New Orleans is 80 percent underwater, which makes the damage to the Superdome roof or the location of home openers seem rather unimportant.
Search and rescue, looting prevention and 3,000-pound sand bag drops - all in an effort to plug busted levees - are now the priority. Eventually entire neighborhoods will have to be reconstructed.
The future of the city is uncertain. Which is why in what will be a year of incredible stress and incredible effort, meaningless concerns such as the future of the NFL in New Orleans should be left on the back burner.
The question of whether Hurricane Katrina has finished the NFL in the Big Easy (or actually cemented its future) can wait.
Because in terms of that question, only one thing really matters:
That the decision be made by the people and politicians of New Orleans - not New Orleans Saints owner Tom Benson, NFL commissioner Paul Tagliabue or any game of political football that pits a currently down-on-its-knees Big Easy against NFL-void Los Angeles.
If New Orleans wants to either make significant renovations to the Superdome or build the Saints a new stadium, it should have the opportunity - and plenty of time after dealing with far more pressing and important needs - to decide.
It is no secret that the NFL wants a team in L.A., the nation's second-largest television market which has been without a franchise since Al Davis took his Raiders back to Oakland in 1995.
And it is no secret that the Saints - with an aging stadium, a small and by NFL standards financially poor market and, due to their own on-field incompetence, a shrinking fan base - are the prime candidates to fill that void.
Benson had publicly insisted that, if he wasn't built a new stadium, relocation would be an option. But cash-strapped local officials balked, although they did provide the franchise $15 million in state subsidy, the only such deal in the NFL. (It wouldn't hurt if Benson and the NFL gave that money back right now, too.)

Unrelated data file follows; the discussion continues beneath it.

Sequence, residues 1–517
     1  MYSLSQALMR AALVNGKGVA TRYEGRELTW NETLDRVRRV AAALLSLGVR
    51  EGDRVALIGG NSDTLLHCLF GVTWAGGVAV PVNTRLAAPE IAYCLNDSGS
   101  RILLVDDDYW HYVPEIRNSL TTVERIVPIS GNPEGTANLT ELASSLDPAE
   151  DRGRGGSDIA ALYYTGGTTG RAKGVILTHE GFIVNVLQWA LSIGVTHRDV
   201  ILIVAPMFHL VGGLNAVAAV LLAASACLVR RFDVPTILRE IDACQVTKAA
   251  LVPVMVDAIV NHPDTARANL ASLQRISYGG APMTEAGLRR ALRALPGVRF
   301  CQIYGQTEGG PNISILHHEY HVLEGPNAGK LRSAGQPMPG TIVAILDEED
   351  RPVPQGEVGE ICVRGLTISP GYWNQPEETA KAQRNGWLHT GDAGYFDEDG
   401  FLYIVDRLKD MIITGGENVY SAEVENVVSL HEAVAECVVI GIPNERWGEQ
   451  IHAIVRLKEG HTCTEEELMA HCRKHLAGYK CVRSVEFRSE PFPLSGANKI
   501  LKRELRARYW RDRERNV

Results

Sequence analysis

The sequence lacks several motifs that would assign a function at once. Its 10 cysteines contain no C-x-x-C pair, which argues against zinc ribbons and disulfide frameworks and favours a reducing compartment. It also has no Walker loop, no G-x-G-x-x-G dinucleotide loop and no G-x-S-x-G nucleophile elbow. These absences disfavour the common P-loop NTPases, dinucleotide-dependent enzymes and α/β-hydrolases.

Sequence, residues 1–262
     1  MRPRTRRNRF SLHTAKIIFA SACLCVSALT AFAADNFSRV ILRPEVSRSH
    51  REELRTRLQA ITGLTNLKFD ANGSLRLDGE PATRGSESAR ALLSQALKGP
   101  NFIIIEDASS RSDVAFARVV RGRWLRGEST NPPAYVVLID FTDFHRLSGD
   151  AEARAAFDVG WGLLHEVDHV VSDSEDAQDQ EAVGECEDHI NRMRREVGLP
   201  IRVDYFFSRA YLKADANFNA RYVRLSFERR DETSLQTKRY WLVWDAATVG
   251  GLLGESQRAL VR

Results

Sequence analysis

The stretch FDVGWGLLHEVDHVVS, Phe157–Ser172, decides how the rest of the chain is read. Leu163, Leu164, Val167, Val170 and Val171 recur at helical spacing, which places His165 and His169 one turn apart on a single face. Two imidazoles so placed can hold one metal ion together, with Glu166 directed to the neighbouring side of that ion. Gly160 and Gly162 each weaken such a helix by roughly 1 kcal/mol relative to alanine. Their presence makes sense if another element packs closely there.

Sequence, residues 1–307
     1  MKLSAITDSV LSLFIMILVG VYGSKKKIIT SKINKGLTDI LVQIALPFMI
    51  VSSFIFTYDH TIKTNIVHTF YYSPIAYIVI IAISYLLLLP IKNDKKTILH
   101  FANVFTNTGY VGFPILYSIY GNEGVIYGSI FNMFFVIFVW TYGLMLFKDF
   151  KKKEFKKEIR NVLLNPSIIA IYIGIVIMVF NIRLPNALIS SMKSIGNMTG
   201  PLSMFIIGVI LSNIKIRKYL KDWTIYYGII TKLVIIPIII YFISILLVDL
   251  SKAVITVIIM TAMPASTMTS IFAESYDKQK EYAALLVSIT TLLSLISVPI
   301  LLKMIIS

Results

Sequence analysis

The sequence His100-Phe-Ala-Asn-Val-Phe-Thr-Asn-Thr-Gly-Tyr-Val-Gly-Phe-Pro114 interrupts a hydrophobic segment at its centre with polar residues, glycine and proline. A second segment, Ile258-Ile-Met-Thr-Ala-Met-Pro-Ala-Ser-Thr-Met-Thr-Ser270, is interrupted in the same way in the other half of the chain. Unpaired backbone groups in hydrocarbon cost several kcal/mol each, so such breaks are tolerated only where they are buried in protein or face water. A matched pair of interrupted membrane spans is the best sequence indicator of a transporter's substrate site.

With Benson having the option to buy out his Superdome lease after the 2005 season, decision day for the franchise was coming. So, the end of the Saints' stay in New Orleans was apparent even before Hurricane Katrina formed.
Now the Saints and the NFL need to do everything they can to try to stay.
Tagliabue has long lamented that the league does not have a franchise in Los Angeles, even if the void there has proven to be a boon for other owners. It didn't take much more than the possibility of a Colts move to L.A., which still has no concrete stadium plan of its own, to get Indianapolis to agree to a $400 million, retractable-roof downtown stadium.
Pre-Katrina New Orleans hadn't shown the financial might or political will to produce a similar offer. Post-hurricane, where football seems so small, the city still may not.
But it is imperative that Benson and the NFL do the right thing and give the city and the state the time to make that decision.
An end run this winter to L.A. (or anywhere else) and out of a city crushed by natural disaster would seem too base to even mention.
But this is the league that gave us Baltimore to Indianapolis and Cleveland to Baltimore and … well, it isn't out of the realm of possibility for the Saints to permanently relocate as well.
The Saints should play all of their home games this season at LSU's Tiger Stadium, if it is structurally fit for play. Then they should commit to stay right there for at least two seasons or until New Orleans has a legitimate chance to make a decision on what it wants to do long-term.
If the city decides that it has more pressing public works projects than a stadium for the Saints and the rotation of NCAA events – the Sugar Bowl, SEC championships and men's basketball Final Fours – then so be it.
Let the Saints go marching to L.A.
But until that decision is made, until the people have a chance to get back on their feet and consider a course of action, Benson and the NFL need to sit tight and help lift the beleaguered region, not pressure it for concessions.
And if that hurts the Saints' profit margin, then the rest of the extremely wealthy league owners should chip in and help. Just like one of those United Way commercials.
After all, considering their sorry teams throughout the years, Saints fans have put more effort and shown more loyalty to the NFL than Saints ownership.
It is destruction in New Orleans right now. A city on the brink.
The last thing the place needs is the NFL playing heartless hardball in the coming months and blowing out of town behind Katrina.